As race day approached, everyone was getting their excuses ready – with some even going so far as to spend time in hospital. The preparation for those involved was mixed, and evening races can be quite awkward to judge. What should I eat? When should I eat it? When should I stop eating? How much ‘work’ should I do during the day? Weekend races, on the other hand, are simple affairs where you just get up, have your breakfast and go; they utilise tried and tested regimes that have been perfected over time.

So as we were stuck in traffic en route to the race, the rainclouds started to gather, talking to us during our preparations and distracting us from our pre-race routine. We arrived at the race HQ soaked from the walk from the car, but had to get ready to race, so warmed up on the soggy grass track, while becoming wetter with every stride.

We were called to the start line, about 10 minutes before the start, as the rain continued, and as we became more cold and miserable, at least our minds were being taken off the task in hand. But eventually the race started. I executed my start plan perfectly – sprint to the sharp corner 30m from the line to avoid the hordes and settle in from there. That was the easy part.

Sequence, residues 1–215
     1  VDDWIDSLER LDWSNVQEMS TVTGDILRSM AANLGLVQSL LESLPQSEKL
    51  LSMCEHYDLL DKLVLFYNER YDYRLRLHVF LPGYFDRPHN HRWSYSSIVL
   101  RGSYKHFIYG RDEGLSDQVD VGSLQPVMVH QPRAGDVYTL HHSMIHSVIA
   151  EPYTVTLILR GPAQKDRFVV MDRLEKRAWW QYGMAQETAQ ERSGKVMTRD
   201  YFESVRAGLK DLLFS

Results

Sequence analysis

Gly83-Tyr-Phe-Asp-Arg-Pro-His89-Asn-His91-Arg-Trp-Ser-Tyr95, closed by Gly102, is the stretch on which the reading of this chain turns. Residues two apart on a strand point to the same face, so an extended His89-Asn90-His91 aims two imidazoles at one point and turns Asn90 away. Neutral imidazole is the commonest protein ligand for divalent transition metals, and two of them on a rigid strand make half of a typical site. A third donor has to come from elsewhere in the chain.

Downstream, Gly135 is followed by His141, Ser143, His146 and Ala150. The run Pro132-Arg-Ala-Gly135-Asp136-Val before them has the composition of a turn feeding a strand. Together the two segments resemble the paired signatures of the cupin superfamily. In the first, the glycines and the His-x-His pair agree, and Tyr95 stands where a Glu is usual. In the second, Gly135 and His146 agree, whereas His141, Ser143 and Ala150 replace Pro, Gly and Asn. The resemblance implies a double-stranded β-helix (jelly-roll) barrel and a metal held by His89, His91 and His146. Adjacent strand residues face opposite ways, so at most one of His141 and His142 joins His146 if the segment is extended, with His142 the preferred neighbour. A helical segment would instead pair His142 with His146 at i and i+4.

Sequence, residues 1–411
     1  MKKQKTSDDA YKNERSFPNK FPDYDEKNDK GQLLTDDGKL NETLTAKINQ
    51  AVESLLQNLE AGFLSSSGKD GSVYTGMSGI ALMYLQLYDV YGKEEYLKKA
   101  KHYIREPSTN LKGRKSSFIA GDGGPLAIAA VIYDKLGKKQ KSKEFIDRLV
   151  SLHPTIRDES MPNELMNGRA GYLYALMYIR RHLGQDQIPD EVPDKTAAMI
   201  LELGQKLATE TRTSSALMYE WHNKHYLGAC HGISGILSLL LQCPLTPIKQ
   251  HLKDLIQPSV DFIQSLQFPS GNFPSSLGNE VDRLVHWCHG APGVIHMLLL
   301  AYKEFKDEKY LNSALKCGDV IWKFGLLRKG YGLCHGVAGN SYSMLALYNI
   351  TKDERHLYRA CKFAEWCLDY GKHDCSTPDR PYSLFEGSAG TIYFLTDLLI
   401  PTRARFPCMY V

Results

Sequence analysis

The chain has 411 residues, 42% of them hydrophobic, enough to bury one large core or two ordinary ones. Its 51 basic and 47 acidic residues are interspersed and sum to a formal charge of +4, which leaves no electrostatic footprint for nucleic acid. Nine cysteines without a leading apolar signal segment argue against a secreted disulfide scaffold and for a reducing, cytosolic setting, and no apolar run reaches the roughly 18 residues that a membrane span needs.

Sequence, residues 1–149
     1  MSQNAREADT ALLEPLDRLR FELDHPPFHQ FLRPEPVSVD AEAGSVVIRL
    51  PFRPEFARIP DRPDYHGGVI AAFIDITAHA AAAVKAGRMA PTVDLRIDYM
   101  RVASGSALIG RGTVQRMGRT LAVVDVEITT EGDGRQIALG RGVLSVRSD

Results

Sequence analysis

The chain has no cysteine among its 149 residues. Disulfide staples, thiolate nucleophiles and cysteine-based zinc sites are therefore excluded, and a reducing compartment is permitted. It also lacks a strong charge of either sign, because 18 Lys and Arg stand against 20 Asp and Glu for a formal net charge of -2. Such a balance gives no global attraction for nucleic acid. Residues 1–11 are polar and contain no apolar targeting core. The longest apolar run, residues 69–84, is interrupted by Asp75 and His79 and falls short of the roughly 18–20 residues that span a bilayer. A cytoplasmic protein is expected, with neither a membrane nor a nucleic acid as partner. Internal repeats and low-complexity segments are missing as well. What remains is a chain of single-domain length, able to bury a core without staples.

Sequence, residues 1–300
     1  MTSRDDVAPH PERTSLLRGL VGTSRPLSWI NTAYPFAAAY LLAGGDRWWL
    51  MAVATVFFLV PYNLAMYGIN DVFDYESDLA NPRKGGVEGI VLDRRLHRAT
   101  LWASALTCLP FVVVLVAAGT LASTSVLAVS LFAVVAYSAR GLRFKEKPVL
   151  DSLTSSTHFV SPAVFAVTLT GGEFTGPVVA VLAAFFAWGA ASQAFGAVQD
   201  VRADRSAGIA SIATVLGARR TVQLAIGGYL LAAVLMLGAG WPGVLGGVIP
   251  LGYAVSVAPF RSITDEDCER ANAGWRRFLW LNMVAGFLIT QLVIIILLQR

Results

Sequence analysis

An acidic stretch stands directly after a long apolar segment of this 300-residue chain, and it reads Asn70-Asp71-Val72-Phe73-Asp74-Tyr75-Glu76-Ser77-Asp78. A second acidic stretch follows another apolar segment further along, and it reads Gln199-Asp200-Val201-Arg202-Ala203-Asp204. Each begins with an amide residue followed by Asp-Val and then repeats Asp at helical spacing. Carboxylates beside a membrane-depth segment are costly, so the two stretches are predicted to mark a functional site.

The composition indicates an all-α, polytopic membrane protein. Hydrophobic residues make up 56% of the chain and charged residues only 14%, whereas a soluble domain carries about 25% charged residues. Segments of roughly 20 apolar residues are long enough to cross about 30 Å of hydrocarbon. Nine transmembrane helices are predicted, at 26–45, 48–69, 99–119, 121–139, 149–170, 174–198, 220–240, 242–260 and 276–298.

I passed through 1k in 3.30 and felt surprisingly good. Doing the maths on the run would give me 17.30. I had only been expecting to sneak under 19, so I thought that I may as well continue and see how things unfolded. I went through 2k in 7.02, which was good, but when 3k approached in 10.38, I was hurting. I was now slowing and it was becoming difficult. I eyed up the runners further along the road and used them to help me. It was hard work, but I went through 4k in 14.18 and by now, my mind had focussed on sub-18. I couldn’t slow down any more, but it would have to be painful. This was worse than a marathon; much worse. There was no time to think about the effort, to be tired, or to crunch numbers. It was just a case of keeping going. And finally I crossed the line in 17.55, my third pb on the road on the bounce.

And my reward when I arrived home was to discover my cheque had been banked (confirming my entry) for the London Marathon. Roll on next Spring.